This tool is useful for visualizing the steps in a typical strategic planning process, from the initial environmental scan to the narrowing of strategies and developing of related performance targets. Managers and leaders can use this tool to communicate their planning process to other managers, employees, board members, and other stakeholders.
The strategic planning process should unfold in the following sequence:
Step 1: The CEO or board chair should take the lead in working with major stakeholders to hear their perspectives on what’s working well, what’s not, and identifying priorities for change. A SWOT analysis (strengths, weaknesses, opportunities, threats) is a useful tool for collecting and organizing this data.
Step 2: A planning group composed of the senior management team should define the outcomes they hope to achieve from the process and rationales for change. The planning horizon should be defined: either five or ten years is normal. All of this should be written down and communicated.
Step 3: The strategic planning process should be defined and communicated broadly, using a flow chart. Agreement on the engagement of major stakeholders, such as unions, the board of directors, customer groups should occur now before the process begins in earnest. Use the Six Rings Strategic Planning Model to clarify the process.
Step 4: The planning group should focus on the purpose of the organization and its core values. Purpose defines what the organization will and will not do. Core values define the things that are essential to the organization’s success.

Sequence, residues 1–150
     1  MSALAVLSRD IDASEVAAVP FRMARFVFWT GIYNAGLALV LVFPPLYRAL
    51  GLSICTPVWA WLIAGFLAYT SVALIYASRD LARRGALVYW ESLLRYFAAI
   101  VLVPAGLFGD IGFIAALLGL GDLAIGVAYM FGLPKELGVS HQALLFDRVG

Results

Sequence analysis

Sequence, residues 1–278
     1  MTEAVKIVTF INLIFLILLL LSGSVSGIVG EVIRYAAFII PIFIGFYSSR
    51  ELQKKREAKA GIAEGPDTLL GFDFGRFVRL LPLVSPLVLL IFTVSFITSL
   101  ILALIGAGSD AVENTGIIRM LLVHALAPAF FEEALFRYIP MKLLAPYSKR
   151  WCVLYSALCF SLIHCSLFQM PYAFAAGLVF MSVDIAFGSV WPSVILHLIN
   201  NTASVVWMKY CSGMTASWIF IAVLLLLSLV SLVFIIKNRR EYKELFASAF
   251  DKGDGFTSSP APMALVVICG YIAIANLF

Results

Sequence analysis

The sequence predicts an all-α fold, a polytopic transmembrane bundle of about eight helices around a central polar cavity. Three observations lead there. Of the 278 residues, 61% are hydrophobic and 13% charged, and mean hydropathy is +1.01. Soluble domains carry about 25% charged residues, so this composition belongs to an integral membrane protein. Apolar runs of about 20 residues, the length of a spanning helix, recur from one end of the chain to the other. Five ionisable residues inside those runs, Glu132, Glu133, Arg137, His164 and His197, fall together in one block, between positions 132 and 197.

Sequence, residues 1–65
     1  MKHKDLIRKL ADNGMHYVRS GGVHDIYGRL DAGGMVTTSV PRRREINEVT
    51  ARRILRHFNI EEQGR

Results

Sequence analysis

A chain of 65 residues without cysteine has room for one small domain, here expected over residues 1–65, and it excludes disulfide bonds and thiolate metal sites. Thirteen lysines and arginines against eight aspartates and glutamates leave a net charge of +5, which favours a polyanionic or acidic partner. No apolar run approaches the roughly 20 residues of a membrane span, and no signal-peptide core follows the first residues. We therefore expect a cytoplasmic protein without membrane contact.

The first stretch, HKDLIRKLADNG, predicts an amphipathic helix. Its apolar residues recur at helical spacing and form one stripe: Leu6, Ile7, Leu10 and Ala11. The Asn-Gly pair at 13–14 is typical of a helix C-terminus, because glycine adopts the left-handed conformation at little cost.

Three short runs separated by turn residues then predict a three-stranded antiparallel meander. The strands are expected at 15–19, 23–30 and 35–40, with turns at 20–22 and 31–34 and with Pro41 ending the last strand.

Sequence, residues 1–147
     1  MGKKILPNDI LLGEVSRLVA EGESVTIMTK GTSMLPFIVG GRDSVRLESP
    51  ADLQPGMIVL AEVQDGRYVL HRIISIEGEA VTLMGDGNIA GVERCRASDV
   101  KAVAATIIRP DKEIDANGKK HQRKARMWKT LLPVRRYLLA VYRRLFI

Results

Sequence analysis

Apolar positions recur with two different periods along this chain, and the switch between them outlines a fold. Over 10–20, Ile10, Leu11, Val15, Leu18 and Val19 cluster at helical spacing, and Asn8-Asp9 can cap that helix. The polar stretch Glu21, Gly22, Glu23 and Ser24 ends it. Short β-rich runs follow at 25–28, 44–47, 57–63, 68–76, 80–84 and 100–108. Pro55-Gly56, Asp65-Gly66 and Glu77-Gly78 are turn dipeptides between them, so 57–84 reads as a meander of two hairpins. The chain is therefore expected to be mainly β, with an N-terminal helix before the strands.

Step 5: Define the vision. Where does the organization want to be in 5 or ten years? Reiterate steps 4 and 5 until the planning group has a strong definition of the organization’s purpose, core values, and vision (the strategic focus). This may require several meetings.
Step 6: The planning group should focus on the areas where the organization needs to move the farthest in order to sustain and achieve the purpose, core values, and vision. Remember that goals are big pushes to advance the organization and should be limited in number (no more than 4-5). Not every value has to have a goal attached to it.
Step 7: Performance objectives should be assigned to each value and each goal. Performance monitoring frequency and a system should be defined. The frequency may be monthly, quarterly, semi-annually, or annually. Financial targets (revenues, expenses, profits) should be developed for each year of the plan.
Step 8: The plan should succinctly communicate all the elements described above. Some background history may be appropriate. High-level financials should be included. The plan should be broadly communicated in draft form for comment and review prior to being adopted.
Step 9: The senior level management team and the board should monitor the performance targets attached to each element of the plan on a frequency defined in the plan.
Each individual organization within a larger organization should have its own business plan to support the strategic plan. The planning thus cascades from the senior-most level outward to the front lines until everyone has been engaged in some aspect of planning. Each unit’s plan should have its own performance management system tied to the overall plan.
LRI’s expert consultants assure you and your organization are thinking and acting strategically. Here are the specific ways we can help you: https://leading-resources.com/consulting/strategicplanning/